Three forms of time
We have three forms of ‘time’ resource available to us: the past, the future, and the present, each of which can be valued in different ways. ‘Time present’ as a resource, or factor of production, has a value in the market place. The resource is highly subtractable – meaning that time spent on one activity ‘subtracts’ from its availability to be used for something else. Once a period of time has been utilised for one activity an alternative cannot be pursued, and due to path dependency the action taken may also constrain future options. ‘Time past’ is captured and monetized in myriad ways through the ‘heritage’ industry, and more worryingly through attempts to control interpretations of the past and manipulate shared perceptions. ‘Time future’, as a high value resource, is also captured, largely through institutional arrangements that guarantee access to specific commodities, labour, or capital.
But the uncertainty surrounding time influences the way we both utilise and value the three aspects of the resource. In terms of time past, the importance and significance of events is constantly changing as we revise our interpretation of history in light of political ideology, new evidence, and cultural perceptions of how we should live our lives. Time future is inherently uncertain as we do not know how even the next minute, hour or day might impact our lives, let alone what might occur further into the future. The unpredictability of events leads to risk aversion, attempts to capture future resource streams, and a massive expenditure of resources on insuring against possible adverse impacts that might occur, in order to try and guarantee that our lives in the present and the future are not so different. But it is time present that is the most complex, in terms of our understanding, our utilisation and how we can value something so elusive as the ‘now’.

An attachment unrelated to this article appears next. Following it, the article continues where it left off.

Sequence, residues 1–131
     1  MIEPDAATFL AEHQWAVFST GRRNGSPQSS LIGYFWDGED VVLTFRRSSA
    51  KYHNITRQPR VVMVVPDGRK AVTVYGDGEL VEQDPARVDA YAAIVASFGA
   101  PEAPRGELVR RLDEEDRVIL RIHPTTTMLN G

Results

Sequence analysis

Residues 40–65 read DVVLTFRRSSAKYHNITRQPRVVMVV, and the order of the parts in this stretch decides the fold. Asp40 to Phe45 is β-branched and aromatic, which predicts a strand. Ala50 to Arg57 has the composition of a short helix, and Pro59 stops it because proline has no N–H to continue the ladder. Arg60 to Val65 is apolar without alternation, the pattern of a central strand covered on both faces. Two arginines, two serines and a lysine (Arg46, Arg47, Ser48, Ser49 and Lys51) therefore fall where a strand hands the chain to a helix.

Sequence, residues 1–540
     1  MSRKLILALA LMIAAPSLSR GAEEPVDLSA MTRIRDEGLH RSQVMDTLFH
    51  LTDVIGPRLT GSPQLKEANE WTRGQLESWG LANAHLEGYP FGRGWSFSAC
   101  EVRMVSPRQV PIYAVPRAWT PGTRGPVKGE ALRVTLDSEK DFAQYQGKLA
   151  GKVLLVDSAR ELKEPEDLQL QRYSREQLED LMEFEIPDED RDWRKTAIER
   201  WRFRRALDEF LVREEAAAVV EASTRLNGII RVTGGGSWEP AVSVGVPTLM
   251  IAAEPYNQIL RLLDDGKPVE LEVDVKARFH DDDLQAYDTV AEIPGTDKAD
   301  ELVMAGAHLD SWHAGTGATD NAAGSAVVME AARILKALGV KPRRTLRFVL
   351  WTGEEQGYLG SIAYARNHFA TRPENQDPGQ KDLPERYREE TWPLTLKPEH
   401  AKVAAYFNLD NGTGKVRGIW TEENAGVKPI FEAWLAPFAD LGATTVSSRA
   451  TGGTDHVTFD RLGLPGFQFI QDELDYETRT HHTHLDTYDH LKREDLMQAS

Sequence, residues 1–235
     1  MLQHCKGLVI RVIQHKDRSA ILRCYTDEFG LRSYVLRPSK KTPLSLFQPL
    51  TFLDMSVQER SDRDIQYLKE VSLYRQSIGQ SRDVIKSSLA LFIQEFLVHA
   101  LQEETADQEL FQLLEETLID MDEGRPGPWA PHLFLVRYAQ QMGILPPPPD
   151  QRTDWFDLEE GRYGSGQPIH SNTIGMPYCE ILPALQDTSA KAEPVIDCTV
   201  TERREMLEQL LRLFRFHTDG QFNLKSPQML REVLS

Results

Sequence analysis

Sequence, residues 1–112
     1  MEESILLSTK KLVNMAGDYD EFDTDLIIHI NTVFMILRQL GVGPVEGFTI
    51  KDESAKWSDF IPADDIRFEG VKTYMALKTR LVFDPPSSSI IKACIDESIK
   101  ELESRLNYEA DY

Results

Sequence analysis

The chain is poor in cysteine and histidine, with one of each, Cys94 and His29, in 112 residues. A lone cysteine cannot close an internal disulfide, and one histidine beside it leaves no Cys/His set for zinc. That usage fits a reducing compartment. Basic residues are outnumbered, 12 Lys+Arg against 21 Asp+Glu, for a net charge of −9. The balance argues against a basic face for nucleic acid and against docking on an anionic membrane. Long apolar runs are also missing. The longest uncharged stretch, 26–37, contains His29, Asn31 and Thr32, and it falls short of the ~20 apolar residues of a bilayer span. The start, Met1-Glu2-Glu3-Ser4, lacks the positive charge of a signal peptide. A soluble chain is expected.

Part 2 of this discussion will explore past and future time in terms of its use as a ‘shared’ resource and not just something we experience as individuals.
[i] At the equator the Earth is spinning at 1,673 kilometres per hour (km/h). This gradually decreases towards zero as one approaches the poles. Thus, on a long-distance flight in a plane taking a great circle route in the higher northern (or southern) latitudes, there will be times when the speed of the plane approximates the speed of the Earth’s rotation.
[ii] John Donne (1624) Meditation 17: Devotions upon Emergent Occasions.
[iii] Ernest Hemingway (1940) For Whom the Bell Tolls. New York: Charles Scribner’s Sons.
[iv] BBC News (21 August 2017) Big Ben falls silent for repairs.
[vii] Frank, A., (2011) About time.